Legislation passed to protect vulnerable workers

Vulnerable workers are set to receive better protection after the Fair Work Amendment (Protecting Vulnerable Workers) Bill 2017 passed on 5 September.

The Bill contains measures such as an increase in the maximum penalties for employers who deliberately flaunt the minimum wage and other entitlements under the Fair Work Act 2009.

The new laws will apply from the day after the Bill receives royal assent, except for the new franchisor and holding company liability which will start six weeks later.

Franchisors and holding companies will be held responsible for underpayments by their franchisees where they know, or reasonably should have known, about the contraventions and failed to take reasonable steps to prevent them.

The new laws will:
– Apply to franchisors that have a significant degree of influence or control over the franchisee’s affairs.
– Apply new, higher financial penalties to ‘serious contraventions’ which are 10 times the current maximum penalties. A court could impose these higher penalties where an employer knew they were breaching their obligations and this conduct is part of a systematic pattern of behaviour. Maximum penalties of $630,000 and $126,000 per contravention could apply to corporations and individuals respectively.
– Double the maximum penalties for record-keeping and pay slip breaches, to $12,600 per contravention for individuals and $63,000 for companies, and triple existing penalties where employers give false or misleading pay slips to workers, or provide the Fair Work Ombudsman (FWO) with false information or documents.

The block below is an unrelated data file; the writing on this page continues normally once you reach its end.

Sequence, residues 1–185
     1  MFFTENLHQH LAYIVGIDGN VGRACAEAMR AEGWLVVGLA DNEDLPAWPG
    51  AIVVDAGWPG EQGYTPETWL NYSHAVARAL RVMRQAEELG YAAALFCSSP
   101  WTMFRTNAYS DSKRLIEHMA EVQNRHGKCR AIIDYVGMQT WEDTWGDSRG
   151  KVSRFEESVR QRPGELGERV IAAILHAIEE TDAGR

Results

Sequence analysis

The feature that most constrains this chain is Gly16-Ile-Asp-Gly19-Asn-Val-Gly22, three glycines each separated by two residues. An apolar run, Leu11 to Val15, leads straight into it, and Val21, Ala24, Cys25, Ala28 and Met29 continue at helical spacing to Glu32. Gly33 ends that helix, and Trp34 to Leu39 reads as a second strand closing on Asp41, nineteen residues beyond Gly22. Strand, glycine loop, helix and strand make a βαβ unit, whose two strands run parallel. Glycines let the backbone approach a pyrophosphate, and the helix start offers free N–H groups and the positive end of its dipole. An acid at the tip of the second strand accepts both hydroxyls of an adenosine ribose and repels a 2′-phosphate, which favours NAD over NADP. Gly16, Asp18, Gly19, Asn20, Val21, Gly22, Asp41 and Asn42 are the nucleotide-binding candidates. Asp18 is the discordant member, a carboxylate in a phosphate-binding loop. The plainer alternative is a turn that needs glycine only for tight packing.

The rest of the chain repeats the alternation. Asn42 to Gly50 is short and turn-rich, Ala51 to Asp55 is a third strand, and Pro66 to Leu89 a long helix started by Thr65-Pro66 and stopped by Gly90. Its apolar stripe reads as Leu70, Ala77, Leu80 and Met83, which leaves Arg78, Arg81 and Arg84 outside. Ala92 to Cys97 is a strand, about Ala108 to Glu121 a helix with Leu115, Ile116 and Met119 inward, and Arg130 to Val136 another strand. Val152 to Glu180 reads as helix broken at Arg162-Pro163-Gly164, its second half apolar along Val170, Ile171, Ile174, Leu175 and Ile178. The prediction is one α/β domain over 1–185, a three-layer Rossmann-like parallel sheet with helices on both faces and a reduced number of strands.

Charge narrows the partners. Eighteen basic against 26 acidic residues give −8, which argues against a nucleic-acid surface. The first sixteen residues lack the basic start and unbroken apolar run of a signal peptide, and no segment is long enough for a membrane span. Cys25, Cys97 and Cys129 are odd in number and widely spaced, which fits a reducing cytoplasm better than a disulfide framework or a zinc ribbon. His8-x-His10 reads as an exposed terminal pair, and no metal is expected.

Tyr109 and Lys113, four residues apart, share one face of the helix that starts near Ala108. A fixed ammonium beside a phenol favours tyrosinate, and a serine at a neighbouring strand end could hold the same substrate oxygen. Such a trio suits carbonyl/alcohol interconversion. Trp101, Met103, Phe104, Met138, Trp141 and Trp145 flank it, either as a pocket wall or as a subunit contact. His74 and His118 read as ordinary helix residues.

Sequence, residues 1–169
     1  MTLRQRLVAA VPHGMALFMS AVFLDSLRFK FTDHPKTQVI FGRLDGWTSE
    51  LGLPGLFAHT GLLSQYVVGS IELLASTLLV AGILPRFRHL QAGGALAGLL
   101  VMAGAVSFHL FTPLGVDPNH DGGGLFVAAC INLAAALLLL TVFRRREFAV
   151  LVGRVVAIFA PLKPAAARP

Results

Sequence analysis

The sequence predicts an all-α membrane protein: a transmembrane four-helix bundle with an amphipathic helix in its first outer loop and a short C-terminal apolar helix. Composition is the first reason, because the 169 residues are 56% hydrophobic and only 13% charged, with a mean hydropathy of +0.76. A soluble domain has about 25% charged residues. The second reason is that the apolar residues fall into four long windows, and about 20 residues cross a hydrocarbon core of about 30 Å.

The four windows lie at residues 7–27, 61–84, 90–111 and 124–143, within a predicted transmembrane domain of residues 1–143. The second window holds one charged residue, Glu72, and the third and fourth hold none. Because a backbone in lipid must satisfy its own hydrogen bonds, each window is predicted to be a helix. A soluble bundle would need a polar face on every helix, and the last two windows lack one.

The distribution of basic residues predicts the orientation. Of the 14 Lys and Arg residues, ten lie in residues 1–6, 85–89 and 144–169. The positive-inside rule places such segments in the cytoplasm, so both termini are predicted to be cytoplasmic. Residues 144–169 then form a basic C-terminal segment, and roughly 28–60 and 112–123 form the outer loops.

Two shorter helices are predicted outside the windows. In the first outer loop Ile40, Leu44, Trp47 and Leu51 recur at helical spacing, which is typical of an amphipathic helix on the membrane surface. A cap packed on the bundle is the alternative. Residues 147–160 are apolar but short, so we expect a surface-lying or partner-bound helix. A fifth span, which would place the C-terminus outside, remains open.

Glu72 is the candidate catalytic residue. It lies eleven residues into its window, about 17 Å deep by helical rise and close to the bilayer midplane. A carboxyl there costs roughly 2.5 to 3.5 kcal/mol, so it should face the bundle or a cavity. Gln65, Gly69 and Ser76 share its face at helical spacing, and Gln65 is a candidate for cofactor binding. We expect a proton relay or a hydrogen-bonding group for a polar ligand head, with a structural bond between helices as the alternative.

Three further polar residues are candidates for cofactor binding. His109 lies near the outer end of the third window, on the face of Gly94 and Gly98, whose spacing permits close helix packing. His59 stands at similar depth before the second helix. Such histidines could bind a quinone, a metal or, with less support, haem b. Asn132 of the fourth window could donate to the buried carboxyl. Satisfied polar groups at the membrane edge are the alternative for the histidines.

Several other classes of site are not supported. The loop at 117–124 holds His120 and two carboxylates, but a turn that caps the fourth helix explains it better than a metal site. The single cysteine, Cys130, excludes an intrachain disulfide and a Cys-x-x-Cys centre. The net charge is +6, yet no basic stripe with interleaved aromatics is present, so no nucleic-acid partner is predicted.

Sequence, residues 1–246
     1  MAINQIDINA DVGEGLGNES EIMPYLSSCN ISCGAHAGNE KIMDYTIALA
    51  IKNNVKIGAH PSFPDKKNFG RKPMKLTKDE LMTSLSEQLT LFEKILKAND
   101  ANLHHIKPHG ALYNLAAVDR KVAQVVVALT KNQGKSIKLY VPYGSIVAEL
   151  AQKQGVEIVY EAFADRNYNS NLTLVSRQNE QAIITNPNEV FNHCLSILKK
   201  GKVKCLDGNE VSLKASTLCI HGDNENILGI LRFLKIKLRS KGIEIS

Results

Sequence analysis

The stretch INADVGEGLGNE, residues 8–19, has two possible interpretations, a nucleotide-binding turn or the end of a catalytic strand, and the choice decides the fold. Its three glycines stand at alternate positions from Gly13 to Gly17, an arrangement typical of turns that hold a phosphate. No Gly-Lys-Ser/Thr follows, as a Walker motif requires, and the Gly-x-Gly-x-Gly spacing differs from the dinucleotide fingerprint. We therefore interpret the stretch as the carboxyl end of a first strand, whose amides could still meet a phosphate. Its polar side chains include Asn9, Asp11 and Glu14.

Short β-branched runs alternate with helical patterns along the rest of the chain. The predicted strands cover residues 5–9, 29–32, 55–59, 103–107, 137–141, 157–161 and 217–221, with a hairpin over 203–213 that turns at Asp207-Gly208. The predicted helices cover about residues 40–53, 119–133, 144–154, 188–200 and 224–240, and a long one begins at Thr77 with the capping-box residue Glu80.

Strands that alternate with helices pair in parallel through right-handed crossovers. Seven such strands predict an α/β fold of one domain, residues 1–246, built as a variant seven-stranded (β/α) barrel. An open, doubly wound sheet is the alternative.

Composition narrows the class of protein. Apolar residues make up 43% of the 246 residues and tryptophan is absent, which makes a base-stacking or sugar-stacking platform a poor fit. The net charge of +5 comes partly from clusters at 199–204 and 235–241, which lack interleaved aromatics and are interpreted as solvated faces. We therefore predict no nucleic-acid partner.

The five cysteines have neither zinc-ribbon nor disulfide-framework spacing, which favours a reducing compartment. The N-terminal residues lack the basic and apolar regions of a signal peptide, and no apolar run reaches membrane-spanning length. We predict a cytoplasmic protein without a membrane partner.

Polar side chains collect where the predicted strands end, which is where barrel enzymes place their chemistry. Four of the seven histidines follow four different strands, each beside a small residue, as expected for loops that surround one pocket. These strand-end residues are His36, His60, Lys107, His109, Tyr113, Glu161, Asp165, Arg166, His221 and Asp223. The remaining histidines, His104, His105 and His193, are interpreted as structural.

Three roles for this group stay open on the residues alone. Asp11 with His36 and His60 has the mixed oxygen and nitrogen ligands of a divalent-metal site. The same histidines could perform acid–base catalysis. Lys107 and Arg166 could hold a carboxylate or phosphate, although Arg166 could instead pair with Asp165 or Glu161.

Furthermore, where an employer has not met their record-keeping or pay slip obligations, the employer will have to disprove a wage claim put before a Court unless the employer has a reasonable excuse for not keeping records or issuing pay slips.

The Fair Work Ombudsman will be given new evidence gathering powers to require a person to provide information or documents to the FWO or to attend before senior FWO officials to answer questions on oath or affirmation relating to underpayment of workers.

Individuals will have stronger protections with the strengthening of the FWO’s new evidence powers including rules preventing the evidence a person gives from being used against them personally, the right to have a lawyer present if they attend to answer questions, the right to claim reimbursement of reasonable expenses and supervision by the Administrative Appeals Tribunal and the Commonwealth Ombudsman.

While the FWO acknowledges most employers work with the FWO to address concerns about an employee’s entitlements, those engaging in deliberate breaches of the law often do not cooperate. The new powers will help address serious cases of non-compliance and exploitation, especially in protecting the most vulnerable community members.

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